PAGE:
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Circuit designer takes control over LOD parameters

Posted: 01 Feb 2007 ?? ?Print Version ?Bookmark and Share

Keywords:length of diffusion effects? circuit simulation? PDK functionality? LOD effects? Larry Aschliman?

Length-of-diffusion (LOD) effects in MOS BSIM models can impact analog circuit simulations at 130nm and below. These effects, also known as stress effects from the shallow trench isolation defining the transistor, are captured in the simulation by the instance parameters sa, sb and sd, the distances from the gates to the edge of diffusion. These distances affect device threshold and mobility, which affect matching of transistors, and can cause large errors in current mirrors.

The circuit designer would like circuit simulation to match post-layout simulation as closely as possible to avoid changes necessitated by differences in device operation between the schematic and layout. To help schematic simulation closely match post-layout simulation, the designer must predict how schematic devices will be combined in the layout and gain control over the parameters used to model the layout characteristics.

Predicting the layout depends on the link between the circuit and layout designers, and can be handled manually or automatically. Manual communication consists of notes on the schematic, while automatic communication is handled with tools like constraint editors. The ability to control simulation parameters depends on the process design kit (PDK) setup.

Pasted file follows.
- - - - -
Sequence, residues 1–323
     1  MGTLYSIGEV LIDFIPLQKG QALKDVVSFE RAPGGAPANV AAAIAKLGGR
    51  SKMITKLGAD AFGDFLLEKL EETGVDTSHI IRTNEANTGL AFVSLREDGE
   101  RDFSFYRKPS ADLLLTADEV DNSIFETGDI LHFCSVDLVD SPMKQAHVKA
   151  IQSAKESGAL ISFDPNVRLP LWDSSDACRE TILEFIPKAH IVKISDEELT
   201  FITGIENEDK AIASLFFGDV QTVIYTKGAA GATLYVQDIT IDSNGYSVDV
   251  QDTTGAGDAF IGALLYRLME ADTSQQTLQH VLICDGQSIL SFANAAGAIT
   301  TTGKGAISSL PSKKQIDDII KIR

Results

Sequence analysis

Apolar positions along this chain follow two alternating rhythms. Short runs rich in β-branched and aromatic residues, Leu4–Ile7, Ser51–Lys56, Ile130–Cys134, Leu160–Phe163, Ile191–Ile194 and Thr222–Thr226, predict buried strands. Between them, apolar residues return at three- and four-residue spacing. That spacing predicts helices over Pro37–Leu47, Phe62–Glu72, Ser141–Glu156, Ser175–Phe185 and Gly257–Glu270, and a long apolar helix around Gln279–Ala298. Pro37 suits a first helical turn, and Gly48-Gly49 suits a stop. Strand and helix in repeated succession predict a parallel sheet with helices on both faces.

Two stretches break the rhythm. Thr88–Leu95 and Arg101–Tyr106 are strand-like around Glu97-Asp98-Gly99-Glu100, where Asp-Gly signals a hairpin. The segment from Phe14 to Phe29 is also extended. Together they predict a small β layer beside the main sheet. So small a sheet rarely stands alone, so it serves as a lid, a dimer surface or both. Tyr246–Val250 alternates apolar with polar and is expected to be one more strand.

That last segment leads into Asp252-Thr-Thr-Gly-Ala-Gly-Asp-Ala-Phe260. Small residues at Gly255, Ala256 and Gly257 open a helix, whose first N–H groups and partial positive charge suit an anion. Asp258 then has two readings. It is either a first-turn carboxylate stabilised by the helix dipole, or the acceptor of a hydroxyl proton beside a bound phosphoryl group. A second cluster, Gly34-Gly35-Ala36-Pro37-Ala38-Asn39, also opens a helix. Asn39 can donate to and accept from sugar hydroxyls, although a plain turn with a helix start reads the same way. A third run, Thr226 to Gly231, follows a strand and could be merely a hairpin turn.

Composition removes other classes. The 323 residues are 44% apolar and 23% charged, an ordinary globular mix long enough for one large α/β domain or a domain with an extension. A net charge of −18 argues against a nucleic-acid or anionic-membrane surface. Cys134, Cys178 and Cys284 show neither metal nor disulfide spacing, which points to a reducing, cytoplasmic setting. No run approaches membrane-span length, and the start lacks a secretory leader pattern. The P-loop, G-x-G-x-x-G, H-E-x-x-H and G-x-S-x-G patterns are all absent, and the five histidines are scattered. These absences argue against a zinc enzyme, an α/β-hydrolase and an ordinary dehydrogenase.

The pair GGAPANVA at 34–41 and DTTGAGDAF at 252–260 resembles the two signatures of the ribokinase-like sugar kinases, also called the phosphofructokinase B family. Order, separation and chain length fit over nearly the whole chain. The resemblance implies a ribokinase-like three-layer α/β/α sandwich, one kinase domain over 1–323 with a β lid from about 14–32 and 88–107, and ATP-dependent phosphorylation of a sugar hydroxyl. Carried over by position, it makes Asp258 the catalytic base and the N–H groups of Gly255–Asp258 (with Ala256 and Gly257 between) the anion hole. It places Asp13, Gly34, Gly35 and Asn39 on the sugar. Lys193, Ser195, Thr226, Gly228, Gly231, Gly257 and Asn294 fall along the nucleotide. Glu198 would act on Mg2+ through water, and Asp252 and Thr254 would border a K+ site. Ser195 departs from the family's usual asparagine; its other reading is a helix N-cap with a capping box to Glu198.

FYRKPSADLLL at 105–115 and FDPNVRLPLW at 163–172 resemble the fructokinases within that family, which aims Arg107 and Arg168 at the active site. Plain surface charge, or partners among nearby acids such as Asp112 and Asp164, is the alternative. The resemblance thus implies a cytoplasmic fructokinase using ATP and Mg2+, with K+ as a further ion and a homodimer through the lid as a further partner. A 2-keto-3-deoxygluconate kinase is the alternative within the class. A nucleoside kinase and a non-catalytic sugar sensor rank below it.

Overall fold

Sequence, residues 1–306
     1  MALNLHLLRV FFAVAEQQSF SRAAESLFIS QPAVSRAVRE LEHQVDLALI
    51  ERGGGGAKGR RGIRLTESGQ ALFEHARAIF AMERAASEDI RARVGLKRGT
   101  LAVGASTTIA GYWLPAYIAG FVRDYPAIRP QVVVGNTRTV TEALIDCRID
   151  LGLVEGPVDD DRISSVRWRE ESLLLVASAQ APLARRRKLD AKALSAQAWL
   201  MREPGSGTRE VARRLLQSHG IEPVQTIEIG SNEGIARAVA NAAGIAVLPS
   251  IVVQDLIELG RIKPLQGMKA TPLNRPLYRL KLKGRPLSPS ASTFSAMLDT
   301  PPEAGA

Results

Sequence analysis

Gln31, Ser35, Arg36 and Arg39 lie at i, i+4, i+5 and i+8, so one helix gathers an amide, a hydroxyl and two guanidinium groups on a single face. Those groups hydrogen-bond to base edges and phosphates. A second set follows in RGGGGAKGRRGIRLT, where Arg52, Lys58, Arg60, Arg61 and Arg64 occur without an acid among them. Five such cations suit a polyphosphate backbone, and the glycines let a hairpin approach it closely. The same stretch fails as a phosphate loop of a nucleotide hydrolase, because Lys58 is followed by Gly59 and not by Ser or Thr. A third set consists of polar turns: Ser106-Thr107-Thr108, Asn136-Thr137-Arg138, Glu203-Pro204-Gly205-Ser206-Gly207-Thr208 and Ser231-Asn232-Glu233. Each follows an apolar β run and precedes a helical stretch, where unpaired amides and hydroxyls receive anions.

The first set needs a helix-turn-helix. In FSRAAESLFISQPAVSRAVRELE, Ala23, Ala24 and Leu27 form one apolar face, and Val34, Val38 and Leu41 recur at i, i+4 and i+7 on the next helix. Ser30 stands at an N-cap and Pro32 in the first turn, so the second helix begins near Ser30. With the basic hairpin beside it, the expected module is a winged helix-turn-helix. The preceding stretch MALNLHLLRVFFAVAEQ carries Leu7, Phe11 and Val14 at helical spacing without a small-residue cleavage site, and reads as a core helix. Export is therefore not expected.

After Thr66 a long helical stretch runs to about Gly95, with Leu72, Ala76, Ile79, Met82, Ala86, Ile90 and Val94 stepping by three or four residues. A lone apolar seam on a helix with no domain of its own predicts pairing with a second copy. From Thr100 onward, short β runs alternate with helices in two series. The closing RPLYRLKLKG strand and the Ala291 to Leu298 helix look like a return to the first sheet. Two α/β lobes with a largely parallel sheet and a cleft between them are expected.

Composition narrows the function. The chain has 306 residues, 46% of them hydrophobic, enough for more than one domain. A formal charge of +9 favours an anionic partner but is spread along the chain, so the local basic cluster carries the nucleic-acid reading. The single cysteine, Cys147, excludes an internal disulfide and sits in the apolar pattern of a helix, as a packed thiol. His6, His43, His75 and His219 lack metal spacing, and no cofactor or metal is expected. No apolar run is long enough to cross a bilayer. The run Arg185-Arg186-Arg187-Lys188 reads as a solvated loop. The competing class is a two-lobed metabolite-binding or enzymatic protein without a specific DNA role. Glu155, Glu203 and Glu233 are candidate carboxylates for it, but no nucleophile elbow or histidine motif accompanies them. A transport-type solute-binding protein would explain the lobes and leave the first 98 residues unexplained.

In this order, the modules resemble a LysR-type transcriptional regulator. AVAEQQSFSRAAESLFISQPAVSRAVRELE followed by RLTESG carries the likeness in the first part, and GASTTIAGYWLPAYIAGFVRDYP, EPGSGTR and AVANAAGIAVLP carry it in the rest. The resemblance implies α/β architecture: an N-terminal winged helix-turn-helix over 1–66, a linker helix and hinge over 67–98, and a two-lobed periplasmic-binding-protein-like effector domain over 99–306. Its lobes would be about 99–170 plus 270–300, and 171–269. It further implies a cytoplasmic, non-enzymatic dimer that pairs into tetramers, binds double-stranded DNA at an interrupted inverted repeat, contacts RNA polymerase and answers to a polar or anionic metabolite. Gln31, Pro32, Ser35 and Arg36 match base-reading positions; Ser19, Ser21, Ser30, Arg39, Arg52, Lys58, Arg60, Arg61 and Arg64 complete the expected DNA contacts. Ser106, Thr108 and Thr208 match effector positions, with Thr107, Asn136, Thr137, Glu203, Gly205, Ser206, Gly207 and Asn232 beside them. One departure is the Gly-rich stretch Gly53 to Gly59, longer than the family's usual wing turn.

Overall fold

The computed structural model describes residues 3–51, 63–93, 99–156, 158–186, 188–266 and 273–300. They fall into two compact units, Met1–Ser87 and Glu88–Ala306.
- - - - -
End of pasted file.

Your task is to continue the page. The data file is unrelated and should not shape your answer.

In Cadence's AMS design center, PDK parameters give the circuit designer control over LOD parameters. The first, a Boolean instance parameter, sets a more-relaxed value for sa and sb. Values are then set to a larger, fixed value (such as 3u).

After schematic simulation, the relaxed values are checked in LVS to be sure they've been satisfied in the layout. Actual values are extracted by physical verification tools and included in post-layout simulation. The Boolean parameter would be set if the designer expects the device to be placed in a transistor chain where the LOD effects would be minimized. For more control over LOD effects in sensitive circuits, we added the ability to edit sa and sb directly.

The choice of the number of dummy gates (tied in the "off" state) at the two ends of the transistor is also included in the MOS pcell for poly lithography control. It's also a way to increase sa and sb without adding source/drain capacitance to the substrate. The dummy parameter directly adds fingers to the transistor pcell layout, rather than expecting the layout engineer to add them by hand later.

Predicting LOD effects takes communication between circuit and layout designers. Best practices can mitigate LOD effects, and PDK can equip the circuit designer to successfully match post-layout simulation in the schematic simulation.

- Larry Aschliman
Staff Design Engineer, Cadence Design Systems Inc.




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